Ranked-choice voting just made it big in the biggest town for making it — New York City. And supporters of this way of conducting elections hope to use the victory there to spread it, well, everywhere.
With more than 90 percent of the precincts reporting Wednesday morning, almost three-quarters of voters (73.5 percent) endorsed bringing ranked-choice voting to the nation's biggest city. The new system, which allows people to rank as many as five candidates in order of preference, will be used in primary and special elections beginning with the races in 2021 for mayor, city council and several other municipal offices.
Known as RCV and also the instant-runoff system, ranking candidates has become one of the big election-improvement darlings of the democracy reform movement.
Less sweeping measures for improving governance were on ballots in Maine, Kansas and Denver, and all of them succeeded.
Last year was a really good year for placing democracy reform in the hands of the electorate. This year, not so much.
In the 2018 midterms, ballot proposals adopted in more than a dozen states and cities expanded the use of automatic voter registration, independent redistricting commissions, public financing of campaigns and other democracy reform proposals.
Next week's off-year election will see only a small roster of contests with an expansion of democracy itself on the ballot, and most have relatively narrow scope and limited reach.
But good-government advocates hope a wave of victories creates momentum for a more ambitious roster of proposals to get spots on the ballot alongside the 2020 presidential election.
And while the roster of pro-democracy choices may be limited this Nov. 5, the overall number of direct-democracy opportunities is large. Not since 2007 have so many ballot measures (three dozen) gone before voters in an odd-numbered year, according to Ballotpedia.
Below are the eight items on the ballot next week that good-government advocates are watching most intently — listed alphabetically by where the voting will take place. Four are initiatives in big cities and two are statewide referenda. The others are partisan elections for offices where the future of a reliable and relatable democracy is part of what's in the offing.
The prospects for ranked-choice voting are uncertain in a handful of states that had shown momentum as the fall begins and the 2020 campaign shifts into a more intense gear.
Just days ago, the future looked brighter for one of the more revolutionary parts of the democracy reform agenda, which seeks in part to grow consensus-building and shrink polarization in politics: holding elections where voters list all the candidates they can live with in order of preference, with the winner often emerging as a person ranked close to the top on the most number of ballots.
The biggest potential setback since has come in Iowa, where Democrats hoped to couple a debut for ranked-choice voting in presidential elections with the rollout of online participation in the 2020 caucuses.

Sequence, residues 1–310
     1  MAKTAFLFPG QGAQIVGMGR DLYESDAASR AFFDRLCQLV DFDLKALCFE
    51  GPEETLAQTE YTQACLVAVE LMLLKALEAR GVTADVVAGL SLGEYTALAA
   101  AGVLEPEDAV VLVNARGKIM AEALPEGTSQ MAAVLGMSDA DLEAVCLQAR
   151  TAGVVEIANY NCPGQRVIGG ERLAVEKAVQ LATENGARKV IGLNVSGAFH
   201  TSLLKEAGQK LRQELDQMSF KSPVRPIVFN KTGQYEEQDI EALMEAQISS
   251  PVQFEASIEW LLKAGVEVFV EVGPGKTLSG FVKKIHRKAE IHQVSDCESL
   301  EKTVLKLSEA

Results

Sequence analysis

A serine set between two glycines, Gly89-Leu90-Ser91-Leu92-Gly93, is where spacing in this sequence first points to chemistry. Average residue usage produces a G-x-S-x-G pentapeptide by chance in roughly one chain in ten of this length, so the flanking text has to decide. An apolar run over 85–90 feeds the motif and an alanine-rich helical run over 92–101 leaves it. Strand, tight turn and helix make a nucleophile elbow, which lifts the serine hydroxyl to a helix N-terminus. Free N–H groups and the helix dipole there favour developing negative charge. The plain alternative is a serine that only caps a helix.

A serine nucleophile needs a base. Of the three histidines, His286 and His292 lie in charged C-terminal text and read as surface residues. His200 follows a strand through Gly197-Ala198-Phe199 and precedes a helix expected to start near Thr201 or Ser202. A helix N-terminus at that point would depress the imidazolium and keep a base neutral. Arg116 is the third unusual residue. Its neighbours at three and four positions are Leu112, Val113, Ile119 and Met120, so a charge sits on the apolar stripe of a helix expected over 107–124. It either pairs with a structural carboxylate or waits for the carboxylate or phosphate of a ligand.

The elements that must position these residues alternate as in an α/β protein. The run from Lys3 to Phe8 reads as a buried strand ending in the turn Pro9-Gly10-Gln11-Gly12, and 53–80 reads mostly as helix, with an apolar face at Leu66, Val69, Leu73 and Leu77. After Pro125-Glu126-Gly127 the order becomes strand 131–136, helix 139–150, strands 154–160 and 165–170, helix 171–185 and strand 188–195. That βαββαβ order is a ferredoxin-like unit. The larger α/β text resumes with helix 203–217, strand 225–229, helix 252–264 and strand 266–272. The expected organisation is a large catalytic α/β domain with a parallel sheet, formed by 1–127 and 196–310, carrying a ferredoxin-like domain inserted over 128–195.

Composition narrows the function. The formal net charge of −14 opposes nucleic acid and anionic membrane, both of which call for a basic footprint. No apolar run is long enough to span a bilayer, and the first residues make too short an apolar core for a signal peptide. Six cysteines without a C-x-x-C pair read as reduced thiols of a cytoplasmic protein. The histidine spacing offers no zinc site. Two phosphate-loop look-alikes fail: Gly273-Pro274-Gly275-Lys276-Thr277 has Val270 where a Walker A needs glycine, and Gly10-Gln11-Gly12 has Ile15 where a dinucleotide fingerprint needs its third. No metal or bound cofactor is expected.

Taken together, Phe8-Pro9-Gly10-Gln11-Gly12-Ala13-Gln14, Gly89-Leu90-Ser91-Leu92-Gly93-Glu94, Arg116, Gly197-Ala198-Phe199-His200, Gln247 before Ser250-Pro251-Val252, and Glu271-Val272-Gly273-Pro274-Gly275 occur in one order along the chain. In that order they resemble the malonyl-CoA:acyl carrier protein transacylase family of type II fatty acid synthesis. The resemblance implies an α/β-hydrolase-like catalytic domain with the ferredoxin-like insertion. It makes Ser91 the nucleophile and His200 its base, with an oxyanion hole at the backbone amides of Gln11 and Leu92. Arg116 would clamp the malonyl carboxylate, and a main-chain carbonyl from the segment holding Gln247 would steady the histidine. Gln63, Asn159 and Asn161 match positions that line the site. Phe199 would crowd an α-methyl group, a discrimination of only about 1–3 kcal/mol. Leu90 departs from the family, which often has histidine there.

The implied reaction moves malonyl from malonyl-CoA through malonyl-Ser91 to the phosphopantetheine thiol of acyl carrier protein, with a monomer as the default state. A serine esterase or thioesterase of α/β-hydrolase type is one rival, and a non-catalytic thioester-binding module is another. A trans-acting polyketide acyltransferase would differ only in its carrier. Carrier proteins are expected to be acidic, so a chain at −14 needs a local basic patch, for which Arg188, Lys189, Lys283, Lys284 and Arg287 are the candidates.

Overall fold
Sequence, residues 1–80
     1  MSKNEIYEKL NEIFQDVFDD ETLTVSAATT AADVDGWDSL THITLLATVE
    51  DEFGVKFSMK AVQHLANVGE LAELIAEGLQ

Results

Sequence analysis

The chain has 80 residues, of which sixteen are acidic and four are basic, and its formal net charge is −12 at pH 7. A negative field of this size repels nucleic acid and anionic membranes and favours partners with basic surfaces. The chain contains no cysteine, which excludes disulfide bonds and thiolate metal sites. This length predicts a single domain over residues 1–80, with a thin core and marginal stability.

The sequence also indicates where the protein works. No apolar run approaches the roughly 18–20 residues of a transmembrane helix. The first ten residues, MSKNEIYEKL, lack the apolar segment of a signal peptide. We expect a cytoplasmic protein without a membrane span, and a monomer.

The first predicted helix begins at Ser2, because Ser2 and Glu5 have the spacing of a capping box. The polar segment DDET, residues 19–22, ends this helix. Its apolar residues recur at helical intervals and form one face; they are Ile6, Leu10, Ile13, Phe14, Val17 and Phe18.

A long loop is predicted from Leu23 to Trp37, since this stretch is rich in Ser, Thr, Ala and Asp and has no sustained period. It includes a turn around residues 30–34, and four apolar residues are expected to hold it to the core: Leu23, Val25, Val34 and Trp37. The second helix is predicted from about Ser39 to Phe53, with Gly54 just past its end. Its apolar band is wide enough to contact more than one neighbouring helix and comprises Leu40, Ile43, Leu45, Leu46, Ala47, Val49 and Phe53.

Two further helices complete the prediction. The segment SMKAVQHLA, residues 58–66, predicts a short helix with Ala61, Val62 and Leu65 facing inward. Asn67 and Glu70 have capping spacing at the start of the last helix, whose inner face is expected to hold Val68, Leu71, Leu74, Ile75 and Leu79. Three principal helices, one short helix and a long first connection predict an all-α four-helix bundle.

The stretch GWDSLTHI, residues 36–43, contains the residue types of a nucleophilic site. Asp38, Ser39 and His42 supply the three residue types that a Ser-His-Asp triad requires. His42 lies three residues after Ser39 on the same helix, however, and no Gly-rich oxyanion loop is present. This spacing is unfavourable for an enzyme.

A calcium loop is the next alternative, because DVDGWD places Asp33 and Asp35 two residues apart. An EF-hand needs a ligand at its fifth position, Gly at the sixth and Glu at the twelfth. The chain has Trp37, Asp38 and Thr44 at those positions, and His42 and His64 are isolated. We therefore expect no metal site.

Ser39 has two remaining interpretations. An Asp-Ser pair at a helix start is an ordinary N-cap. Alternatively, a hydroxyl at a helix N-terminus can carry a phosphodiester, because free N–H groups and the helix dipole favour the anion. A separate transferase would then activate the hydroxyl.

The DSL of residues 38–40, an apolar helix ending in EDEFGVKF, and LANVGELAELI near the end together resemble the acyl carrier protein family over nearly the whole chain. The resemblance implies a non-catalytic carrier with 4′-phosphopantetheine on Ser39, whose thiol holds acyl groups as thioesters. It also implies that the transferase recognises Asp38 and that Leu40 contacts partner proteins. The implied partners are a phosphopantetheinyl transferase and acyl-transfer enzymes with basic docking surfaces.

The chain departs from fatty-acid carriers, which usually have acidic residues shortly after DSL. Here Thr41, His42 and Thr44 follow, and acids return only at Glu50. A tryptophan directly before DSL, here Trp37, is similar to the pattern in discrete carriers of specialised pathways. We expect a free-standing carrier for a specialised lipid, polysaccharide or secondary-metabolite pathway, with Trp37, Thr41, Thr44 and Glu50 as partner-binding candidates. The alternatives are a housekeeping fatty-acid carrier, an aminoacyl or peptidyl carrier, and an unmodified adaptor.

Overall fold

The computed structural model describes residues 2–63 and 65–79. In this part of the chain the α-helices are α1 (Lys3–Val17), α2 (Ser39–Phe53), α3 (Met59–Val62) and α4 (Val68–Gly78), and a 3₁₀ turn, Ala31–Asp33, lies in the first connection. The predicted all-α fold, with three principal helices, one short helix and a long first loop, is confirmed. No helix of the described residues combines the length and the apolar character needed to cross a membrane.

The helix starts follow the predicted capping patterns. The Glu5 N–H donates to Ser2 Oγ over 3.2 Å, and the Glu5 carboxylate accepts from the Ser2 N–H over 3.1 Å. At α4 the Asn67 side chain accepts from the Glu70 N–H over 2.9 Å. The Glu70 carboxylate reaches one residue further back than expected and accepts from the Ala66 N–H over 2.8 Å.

But last week national party leaders rejected the proposals from Iowa and Nevada to allow remote participation, concluding that concerns the fledgling systems could be hacked outweighed the desire to make it easier for people to participate.
Daley is a senior fellow at FairVote, a nonpartisan electoral reform organization. Richie is FairVote's president and CEO.
Kansas Democrats wanted to increase participation in their May 2020 presidential contest and make the balloting fairer for everyone. The state's 2016 caucus seemed to go on forever: There were hours upon hours of speeches, followed by the laborious process of dividing into groups for each candidate and being counted one by one. Only then could participants begin often hours-long drives home.
Maine voters sought to protect their state's longstanding tradition of independent candidates and vigorous third parties, while also ensuring that winning candidates had genuine majority support. Nine of the state's last 11 governors, including Democrats, Republicans and independents, and dating back to the 1970s, won with a mere plurality. They wanted to retain all their choices, but also elect the winner with the widest backing.
Eastpointe, Mich., meanwhile, wanted to ensure that black voters elected their fair share of city government seats. The city needed to resolve a Voting Rights Act complaint filed by the Department of Justice that alleged Eastpointe's practice of electing local offices through citywide elections prevented black people – almost one-third of the population -- from winning. No black candidates had been elected to the city council or school board there prior to the DOJ complaint.
New York, the nation's largest city, also had a problem with representative elections. Since 2009, according to Common Cause, two-thirds of all primaries with more than two candidates were won by a candidate with less than 50 percent support. The city's new public advocate captured the office with just a third.
They all hit on the same solution: ranked-choice voting. Now everyone seems to be taking notice. Indeed, at least some voters in at least 25 states are now slated to cast RCV ballots in upcoming elections and primaries.